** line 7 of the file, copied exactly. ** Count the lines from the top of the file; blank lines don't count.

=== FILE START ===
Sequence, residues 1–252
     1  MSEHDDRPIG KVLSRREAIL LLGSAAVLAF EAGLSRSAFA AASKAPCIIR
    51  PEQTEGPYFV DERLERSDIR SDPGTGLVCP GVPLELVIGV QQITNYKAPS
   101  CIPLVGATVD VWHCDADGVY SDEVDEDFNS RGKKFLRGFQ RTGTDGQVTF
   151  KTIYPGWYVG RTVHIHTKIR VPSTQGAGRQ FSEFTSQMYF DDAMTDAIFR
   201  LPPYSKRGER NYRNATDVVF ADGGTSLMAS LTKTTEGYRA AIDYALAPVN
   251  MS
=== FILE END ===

   251  MS